The municipal bond market will face more scrutiny, and oversight will increase for credit analysts and municipal advisers under the financial overhaul bill that cleared Congress. The legislation, which cleared the Senate 60-39 after winning House approval on a 237-192 vote in late June, creates an office of municipal securities within the Securities and Exchange Commission and an SEC office of credit ratings. Under the legislation, the SEC will create new conflict-of-interest and disclosure rules for credit-rating agencies, and municipal advisers will be required to register with the SEC.
Richard Gundling, vice president of healthcare financial practices for the Healthcare Financial Management Association, said the new rules for credit ratings agencies could affect healthcare borrowers. “Obviously, the more transparency the better,” he said. New registration for municipal advisers may benefit healthcare borrowers, he said.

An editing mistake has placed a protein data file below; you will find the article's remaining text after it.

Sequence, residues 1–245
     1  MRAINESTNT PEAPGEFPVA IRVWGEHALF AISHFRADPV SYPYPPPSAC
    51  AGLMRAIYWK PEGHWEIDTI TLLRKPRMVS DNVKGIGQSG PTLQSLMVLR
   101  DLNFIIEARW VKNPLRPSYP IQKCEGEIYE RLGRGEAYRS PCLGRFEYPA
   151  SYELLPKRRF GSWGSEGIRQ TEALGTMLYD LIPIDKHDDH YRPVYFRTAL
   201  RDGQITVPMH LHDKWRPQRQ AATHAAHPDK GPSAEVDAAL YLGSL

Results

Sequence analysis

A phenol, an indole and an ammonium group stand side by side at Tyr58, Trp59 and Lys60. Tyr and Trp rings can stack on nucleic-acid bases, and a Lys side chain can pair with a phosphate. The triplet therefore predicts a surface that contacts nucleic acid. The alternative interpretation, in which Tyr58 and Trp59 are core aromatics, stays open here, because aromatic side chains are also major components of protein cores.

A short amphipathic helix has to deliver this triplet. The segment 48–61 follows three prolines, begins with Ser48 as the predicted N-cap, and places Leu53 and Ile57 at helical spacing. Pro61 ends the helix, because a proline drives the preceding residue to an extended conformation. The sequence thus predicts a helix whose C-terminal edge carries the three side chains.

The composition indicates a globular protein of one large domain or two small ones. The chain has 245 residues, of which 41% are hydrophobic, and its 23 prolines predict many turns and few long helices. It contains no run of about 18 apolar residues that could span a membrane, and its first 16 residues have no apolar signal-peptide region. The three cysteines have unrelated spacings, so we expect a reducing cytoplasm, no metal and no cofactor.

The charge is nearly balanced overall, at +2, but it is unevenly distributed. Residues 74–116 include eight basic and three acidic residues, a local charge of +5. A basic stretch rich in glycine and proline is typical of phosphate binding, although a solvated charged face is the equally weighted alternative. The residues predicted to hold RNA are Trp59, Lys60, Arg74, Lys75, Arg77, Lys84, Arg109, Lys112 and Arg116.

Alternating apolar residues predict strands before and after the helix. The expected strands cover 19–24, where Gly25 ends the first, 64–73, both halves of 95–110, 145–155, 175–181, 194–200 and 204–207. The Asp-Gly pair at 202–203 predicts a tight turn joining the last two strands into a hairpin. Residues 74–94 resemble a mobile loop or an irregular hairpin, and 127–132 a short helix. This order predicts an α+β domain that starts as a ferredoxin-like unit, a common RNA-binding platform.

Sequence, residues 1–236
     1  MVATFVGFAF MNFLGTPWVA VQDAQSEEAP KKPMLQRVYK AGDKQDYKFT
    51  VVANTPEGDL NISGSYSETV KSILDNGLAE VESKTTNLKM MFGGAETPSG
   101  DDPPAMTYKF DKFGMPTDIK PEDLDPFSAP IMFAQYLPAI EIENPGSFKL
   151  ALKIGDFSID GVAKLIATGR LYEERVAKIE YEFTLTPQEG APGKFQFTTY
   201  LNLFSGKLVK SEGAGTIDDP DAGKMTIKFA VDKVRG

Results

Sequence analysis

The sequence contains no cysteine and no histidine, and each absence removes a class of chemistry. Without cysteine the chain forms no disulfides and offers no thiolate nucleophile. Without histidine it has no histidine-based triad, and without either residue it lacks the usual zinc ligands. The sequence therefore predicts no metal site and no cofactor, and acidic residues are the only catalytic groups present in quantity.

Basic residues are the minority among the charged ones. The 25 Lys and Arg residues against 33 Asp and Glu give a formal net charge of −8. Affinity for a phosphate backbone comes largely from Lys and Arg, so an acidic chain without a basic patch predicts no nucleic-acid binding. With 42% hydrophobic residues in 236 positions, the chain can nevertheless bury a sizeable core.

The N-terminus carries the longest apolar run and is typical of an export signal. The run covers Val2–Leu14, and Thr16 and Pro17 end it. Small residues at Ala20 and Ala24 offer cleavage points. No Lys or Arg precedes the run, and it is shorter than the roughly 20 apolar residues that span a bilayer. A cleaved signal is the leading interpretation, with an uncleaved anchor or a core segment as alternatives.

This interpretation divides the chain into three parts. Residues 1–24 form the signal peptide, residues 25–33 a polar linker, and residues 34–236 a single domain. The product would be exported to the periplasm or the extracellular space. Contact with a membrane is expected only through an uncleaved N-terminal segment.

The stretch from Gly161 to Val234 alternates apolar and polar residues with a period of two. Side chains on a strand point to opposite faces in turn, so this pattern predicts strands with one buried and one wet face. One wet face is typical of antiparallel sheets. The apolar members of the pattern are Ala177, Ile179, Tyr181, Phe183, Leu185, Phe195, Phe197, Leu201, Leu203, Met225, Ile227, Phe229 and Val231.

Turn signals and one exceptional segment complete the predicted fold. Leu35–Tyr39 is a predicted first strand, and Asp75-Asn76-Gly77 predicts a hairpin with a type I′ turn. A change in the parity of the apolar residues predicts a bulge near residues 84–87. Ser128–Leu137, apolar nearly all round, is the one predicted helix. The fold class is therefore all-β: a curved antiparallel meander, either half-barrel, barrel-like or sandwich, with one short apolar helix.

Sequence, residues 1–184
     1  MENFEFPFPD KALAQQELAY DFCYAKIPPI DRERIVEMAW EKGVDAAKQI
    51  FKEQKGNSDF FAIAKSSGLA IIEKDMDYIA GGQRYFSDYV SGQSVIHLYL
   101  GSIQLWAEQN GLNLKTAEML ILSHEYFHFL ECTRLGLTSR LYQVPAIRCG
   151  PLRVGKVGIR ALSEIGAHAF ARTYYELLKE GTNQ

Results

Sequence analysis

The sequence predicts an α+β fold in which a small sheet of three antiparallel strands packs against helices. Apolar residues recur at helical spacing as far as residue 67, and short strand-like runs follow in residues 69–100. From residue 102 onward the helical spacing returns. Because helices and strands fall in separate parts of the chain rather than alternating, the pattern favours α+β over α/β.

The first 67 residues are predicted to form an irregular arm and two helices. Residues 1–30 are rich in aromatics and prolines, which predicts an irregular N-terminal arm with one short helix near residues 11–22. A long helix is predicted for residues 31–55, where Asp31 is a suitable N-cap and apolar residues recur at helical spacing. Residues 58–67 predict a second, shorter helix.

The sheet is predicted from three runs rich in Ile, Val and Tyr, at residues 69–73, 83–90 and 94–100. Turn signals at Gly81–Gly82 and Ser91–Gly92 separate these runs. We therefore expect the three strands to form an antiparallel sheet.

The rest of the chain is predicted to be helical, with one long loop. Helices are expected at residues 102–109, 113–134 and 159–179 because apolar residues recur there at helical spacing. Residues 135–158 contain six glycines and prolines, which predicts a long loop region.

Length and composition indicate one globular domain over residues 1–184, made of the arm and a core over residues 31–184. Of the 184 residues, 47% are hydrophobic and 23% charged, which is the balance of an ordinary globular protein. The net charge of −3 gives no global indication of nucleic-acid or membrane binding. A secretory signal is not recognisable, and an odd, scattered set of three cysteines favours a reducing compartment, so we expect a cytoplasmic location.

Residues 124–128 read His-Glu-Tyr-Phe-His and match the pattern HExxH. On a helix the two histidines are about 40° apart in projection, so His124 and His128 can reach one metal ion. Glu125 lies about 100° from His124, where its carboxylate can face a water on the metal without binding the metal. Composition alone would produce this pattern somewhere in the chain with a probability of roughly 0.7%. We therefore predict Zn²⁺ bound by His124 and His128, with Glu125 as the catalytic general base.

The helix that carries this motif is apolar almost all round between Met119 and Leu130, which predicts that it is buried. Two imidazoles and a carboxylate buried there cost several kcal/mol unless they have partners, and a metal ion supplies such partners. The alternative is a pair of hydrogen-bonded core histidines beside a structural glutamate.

He also cited one provision that requires analysts to include in credit ratings information from a source independent of borrower
The legislation requires two studies of the municipal market by the Government Accountability Office. The GAO will compare disclosure in municipal and corporate markets; evaluate additional disclosure and make recommendations, including on whether to scrap or keep laws that limit SEC oversight of municipal issuers. The GAO will also make recommendations to improve the transparency, efficiency, fairness and liquidity of municipal markets.
“So many of our hospitals are in the municipal markets,” said Gundling. “Any changes in that market impacts hospitals.” The HFMA will monitor the study results and recommendations, Gundling said.
The bill calls for credit rating agencies to report on internal controls annually and requires the SEC to study and issue rules on conflicts of interest within the industry. Under the legislation, the GAO will conduct a study of alternative financing models for credit agencies.